For all of our evangelizing over pristine paradises and unspoiled beaches, we rarely, if ever, find ourselves in a position of real discovery. Mergui, however, might finally be the place to change that.
Chances are you’ve never heard of the archipelago, spread over some 12,000 square miles in the Andaman Sea, with 800 islands—nearly all of which are uninhabited—scattered just off the coasts of Myanmar and Thailand. Though it’s the territory of the former, it looks far more like the latter: Covered in white sands, coconut trees, and little else, it’s population-less, pollution-less, and, until a few months ago, practically tourism-less.
The arrival of two new resorts is changing that, if only minimally, bringing enough luxury to the native landscapes to keep us comfortable, but not so much that we’ll be fighting our way through masses of tourists to enjoy it. The 14-villa Wa Ale Island Resort in Lampi Island Marine National Park gives its guests exclusive run of nearly 15 square miles of virgin jungle and beach. And the 24-bungalow Awei Pila, which opened in January, is the only private-island resort in the archipelago, claiming nearly half a mile of beach all to itself in a move that sounds more Maldives than Myanmar.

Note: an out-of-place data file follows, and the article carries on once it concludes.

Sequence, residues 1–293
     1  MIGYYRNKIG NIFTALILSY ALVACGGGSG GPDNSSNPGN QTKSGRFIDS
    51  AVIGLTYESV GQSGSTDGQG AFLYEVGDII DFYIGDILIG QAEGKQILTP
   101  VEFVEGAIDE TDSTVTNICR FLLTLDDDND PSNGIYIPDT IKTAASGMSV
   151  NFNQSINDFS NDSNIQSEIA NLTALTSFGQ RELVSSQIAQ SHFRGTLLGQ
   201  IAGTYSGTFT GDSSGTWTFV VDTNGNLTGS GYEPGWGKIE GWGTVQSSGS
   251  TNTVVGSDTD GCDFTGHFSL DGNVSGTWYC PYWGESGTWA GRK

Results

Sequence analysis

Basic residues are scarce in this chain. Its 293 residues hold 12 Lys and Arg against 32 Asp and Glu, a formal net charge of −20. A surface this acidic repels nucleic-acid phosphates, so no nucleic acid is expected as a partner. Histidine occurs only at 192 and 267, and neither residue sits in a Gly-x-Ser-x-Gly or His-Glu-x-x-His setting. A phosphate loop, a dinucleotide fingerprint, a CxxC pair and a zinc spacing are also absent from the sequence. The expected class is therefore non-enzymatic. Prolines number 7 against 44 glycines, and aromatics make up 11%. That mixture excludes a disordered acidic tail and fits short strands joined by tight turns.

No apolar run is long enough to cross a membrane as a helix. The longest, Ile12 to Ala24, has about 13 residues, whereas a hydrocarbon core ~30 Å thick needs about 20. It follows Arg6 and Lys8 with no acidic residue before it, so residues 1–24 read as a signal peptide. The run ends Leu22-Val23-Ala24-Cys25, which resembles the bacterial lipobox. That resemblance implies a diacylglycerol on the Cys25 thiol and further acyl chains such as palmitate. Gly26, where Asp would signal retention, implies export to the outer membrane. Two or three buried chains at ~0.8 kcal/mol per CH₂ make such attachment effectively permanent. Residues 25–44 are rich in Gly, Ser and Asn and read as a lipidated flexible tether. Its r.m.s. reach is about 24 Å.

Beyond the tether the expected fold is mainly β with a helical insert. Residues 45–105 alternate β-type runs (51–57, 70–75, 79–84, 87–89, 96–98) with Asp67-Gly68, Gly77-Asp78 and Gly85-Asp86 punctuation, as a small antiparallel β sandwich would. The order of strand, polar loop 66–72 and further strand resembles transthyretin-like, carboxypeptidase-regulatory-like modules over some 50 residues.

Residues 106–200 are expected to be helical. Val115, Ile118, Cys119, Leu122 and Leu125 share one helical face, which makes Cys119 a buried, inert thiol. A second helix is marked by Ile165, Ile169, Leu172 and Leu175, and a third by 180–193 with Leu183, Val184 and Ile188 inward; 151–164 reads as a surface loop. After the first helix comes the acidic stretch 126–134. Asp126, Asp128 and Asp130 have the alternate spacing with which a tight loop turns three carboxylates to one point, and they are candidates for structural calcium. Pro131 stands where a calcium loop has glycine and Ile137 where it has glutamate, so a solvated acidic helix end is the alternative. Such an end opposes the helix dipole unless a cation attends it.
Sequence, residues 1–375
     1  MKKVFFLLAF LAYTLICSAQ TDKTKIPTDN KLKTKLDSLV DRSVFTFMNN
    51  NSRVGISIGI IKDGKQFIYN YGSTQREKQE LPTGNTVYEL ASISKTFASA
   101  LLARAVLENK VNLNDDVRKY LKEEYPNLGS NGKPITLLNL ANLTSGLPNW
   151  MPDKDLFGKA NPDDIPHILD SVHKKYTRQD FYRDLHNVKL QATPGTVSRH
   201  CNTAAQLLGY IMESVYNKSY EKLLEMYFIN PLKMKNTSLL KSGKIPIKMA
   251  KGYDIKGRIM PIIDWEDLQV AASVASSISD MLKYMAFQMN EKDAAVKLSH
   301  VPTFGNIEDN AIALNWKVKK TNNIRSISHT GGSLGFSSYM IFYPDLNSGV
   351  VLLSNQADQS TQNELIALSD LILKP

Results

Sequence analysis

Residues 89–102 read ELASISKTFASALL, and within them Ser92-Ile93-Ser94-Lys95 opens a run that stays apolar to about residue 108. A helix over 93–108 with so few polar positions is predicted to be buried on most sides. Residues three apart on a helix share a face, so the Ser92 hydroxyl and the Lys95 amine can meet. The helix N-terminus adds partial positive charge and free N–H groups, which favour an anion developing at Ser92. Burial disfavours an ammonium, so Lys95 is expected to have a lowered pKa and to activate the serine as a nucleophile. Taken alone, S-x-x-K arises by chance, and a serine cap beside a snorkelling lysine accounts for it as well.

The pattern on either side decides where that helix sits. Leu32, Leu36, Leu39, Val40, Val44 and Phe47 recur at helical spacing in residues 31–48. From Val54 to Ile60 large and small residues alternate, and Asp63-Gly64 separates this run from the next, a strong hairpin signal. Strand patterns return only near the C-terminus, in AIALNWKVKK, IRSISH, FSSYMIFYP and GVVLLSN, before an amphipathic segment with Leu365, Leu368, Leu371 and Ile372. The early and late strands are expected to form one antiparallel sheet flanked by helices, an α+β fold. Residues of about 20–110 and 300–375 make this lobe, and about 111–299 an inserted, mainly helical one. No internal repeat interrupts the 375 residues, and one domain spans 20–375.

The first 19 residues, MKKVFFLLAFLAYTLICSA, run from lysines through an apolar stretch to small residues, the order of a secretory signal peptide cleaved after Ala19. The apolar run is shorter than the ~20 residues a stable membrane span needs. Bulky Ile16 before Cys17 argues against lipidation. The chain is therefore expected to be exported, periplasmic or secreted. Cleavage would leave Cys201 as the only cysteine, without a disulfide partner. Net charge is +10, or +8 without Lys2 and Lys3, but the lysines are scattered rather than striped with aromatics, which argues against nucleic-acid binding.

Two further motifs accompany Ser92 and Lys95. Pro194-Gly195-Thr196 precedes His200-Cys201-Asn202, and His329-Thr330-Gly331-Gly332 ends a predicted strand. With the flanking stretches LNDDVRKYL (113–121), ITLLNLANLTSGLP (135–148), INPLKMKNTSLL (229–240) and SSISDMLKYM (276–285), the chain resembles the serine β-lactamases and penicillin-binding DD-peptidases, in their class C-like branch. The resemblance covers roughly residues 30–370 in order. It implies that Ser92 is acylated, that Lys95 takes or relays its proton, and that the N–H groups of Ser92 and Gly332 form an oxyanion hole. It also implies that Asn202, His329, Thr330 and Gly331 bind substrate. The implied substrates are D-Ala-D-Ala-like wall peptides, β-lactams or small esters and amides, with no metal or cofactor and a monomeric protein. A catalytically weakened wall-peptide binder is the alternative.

Of course, two resorts does not the Maldives make, but Mergui is drawing plenty of comparisons to the more-established Indian Ocean nation. (Hundreds of empty islands spread over thousands of miles of turquoise water sounds familiar, after all.) Though not as far-flung as the Maldives, the Mergui archipelago is certainly more secluded, something that can be attributed to more than 50 years of self-isolation and internal conflict in Myanmar. But as the country stabilizes, it has begun to open itself up to tourism much in the way that the Maldives did more than 40 years ago. In 2017, Myanmar joined the South Asia Subregional Economic Cooperation (SASEC), which promotes investment, trade, free tourist visas, and international representation among its members. When the Maldives joined a similar association in 1985, it saw its tourism skyrocket in under a decade.
But here’s why Mergui won’t be the next you-know-who: “Our allies in the SASEC are helping Myanmar develop tourism responsibly,” says Andrea Valentin, founder of the nonprofit Tourism Transparency, which researches the impacts of tourism in the country. “As we’ve learned from the Maldives and neighboring Thailand, this is crucial to the longevity of a destination as ecologically rich as Mergui.”
For now, anyway, Mergui is reserved for fewer than 100 travelers—discoverers, you could even call them.